Scenic Designer

Can you tell us a bit about your background and experience? How did you get into this aspect of theatre?
I've loved theater since high school, where I played in several musicals (My Fair Lady, Oklahoma, Big River, Anything Goes) and one play (Neil Simon's Fools).  I got interested in Architecture in 2007 while doing my PhD in Astronomy.  Later, in 2011, I entered UC Berkeley's [IN]Arch program with the intention of doing a Master's in Architecture.  I did a summer term in Architecture at California College of the Arts but left the program to return to my career in Engineering.  My love for spatial design didn't subside, however, and I found that scenic design allowed me to scratch the creative itch without quitting my day job.  I am very happy to be working with the Caeneus & Poseidon production team on my second show as set designer!
In what capacities have you been involved with Dragon Theatre before?
My first scenic design was for the Dragon's Second Stages production of Eugene O'Neill's Anna Christie directed by Jenny Hollingworth in June 2016.  Though the Dragon's "diamond thrust" stage is very challenging to design for, there's something about the intimacy of the space and the constraints of working almost in the round that brings out creative thinking.  It's clear that the community really loves and supports the space, and that's a great environment in which to work.

What is your favorite part of what you do? What is the most challenging thing about what you do?
I love the process of moving from a list of scenes to imagining how to bring them to life in the spatial conditions of the stage.  The transition from rough plan sketches to designing the 3d model is really fun.  

I think the most challenging part (aside from determining colors, where I still have a lot to learn) is working out the scene transitions.  Transforming the stage from a city to the seashore or from a bar to the deck of a barge in under a few minutes is a big interconnected puzzle.  Working out the transitions between the final two scenes can have repercussions on the design for Act 1, Scene 1, and I have to consider not only the scene at hand but how it fits into the entire show.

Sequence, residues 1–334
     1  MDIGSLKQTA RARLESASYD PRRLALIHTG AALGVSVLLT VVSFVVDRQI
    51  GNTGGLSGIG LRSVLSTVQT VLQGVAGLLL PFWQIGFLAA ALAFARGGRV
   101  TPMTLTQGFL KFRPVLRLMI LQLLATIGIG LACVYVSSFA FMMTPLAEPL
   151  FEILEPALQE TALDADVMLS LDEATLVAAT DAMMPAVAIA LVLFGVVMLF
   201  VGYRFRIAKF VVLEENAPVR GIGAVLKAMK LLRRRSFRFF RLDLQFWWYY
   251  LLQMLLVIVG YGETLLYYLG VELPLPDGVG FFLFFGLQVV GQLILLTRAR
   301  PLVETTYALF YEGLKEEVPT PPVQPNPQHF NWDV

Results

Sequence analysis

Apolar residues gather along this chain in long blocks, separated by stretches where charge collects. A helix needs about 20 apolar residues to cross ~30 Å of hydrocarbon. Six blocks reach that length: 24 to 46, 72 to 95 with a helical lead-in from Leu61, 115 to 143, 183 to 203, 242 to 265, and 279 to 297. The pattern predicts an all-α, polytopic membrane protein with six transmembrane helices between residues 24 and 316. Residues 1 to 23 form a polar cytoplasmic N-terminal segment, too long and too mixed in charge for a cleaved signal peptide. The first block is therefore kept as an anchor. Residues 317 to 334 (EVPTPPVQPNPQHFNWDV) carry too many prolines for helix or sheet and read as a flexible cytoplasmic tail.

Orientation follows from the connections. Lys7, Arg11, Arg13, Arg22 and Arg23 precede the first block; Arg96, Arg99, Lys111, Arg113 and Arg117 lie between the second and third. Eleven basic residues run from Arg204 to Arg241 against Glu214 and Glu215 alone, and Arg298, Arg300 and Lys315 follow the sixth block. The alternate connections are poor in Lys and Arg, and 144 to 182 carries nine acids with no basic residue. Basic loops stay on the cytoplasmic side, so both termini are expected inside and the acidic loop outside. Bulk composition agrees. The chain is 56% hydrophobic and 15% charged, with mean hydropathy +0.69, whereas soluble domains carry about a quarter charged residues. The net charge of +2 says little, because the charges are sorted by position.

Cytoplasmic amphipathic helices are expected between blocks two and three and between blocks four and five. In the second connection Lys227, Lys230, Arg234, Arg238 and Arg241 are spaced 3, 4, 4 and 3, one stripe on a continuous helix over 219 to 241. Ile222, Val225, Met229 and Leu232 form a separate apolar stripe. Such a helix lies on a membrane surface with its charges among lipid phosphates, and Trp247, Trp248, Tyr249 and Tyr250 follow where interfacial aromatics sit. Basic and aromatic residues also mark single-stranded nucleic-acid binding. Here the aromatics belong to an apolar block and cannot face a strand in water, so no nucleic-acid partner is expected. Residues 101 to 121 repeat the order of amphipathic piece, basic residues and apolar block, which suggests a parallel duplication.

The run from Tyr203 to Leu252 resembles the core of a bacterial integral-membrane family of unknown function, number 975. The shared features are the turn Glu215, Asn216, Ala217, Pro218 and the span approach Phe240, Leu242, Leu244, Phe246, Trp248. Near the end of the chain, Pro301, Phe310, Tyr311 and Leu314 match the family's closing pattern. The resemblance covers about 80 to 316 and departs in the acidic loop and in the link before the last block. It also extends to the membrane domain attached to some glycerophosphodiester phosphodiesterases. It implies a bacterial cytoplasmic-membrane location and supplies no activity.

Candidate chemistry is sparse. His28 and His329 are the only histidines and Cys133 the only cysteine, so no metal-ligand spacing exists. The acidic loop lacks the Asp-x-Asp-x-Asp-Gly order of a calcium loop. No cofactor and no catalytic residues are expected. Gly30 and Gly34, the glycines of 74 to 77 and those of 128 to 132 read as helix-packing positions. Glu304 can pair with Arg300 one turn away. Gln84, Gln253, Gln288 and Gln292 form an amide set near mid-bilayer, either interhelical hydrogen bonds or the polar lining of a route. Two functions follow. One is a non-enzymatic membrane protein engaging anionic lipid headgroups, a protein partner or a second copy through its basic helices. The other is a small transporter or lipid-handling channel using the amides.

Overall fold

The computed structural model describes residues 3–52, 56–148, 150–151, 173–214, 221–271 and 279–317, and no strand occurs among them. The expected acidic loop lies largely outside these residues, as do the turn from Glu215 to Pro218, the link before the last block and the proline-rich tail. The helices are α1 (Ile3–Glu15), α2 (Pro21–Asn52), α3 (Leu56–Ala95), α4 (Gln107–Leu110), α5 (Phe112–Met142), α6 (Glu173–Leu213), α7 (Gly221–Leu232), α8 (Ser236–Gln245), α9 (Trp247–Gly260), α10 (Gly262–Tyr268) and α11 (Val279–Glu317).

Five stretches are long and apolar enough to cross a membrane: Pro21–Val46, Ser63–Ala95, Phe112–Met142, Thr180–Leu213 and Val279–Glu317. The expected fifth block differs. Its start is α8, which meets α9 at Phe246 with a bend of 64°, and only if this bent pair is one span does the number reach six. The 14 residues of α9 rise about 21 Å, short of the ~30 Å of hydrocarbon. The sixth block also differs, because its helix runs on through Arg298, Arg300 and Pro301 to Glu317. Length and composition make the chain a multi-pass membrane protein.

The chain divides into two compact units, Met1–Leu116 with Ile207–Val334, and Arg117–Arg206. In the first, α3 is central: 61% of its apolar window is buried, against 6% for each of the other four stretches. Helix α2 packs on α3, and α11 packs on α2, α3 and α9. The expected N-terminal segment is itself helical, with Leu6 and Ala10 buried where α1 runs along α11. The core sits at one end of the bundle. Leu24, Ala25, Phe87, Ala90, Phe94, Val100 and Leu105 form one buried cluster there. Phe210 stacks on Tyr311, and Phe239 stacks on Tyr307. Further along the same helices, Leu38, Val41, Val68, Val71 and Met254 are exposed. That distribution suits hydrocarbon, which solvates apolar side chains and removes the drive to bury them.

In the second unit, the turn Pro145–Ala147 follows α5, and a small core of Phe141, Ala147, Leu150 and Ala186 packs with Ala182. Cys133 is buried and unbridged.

Are there any moments or scenes in this play that pose a particular challenge for you?
The two biggest challenges for me in this play were conveying the seashore and dealing with two character-swallowing earthquakes.

For the seashore, I researched actual beaches in Thessaly, Greece, where the play is set, and realized that the cliffs came down very close to the shore.  This was the key to the idea of the staircase pieces, which could ambiguously serve as steps to a building, a hill in the countryside, and rocks leading to the shore depending on how they are approached by the actors.

For the earthquakes, I realized that the set alone would not be enough to convey Poseidon's magic -- I could only provide a place for the swallowed actor to exit.  Fortunately, we have a great creative team on the show and I worked with Leanna (Lighting Design), Josh (Sound Design), and Amy (Director) to establish a multi-sensory language to bring the earthquakes to life.
What other theatre projects do you have coming up?
Nothing lined up at the moment.  If you hear of anything let me know!

Who’s your favorite mythological character? (Doesn’t have to be Greek)
I've always been a big fan of Hermes (Mercury), the messenger.  The first manned space program is named for him, and he gets to run around causing mischief in a winged shoes and hat.

Anything else you’d like to tell us about yourself? 
I am happy to be working with such a great production team, and I'm excited to bring more prominence to this little-known myth that explores the beautiful spectrum of human gender!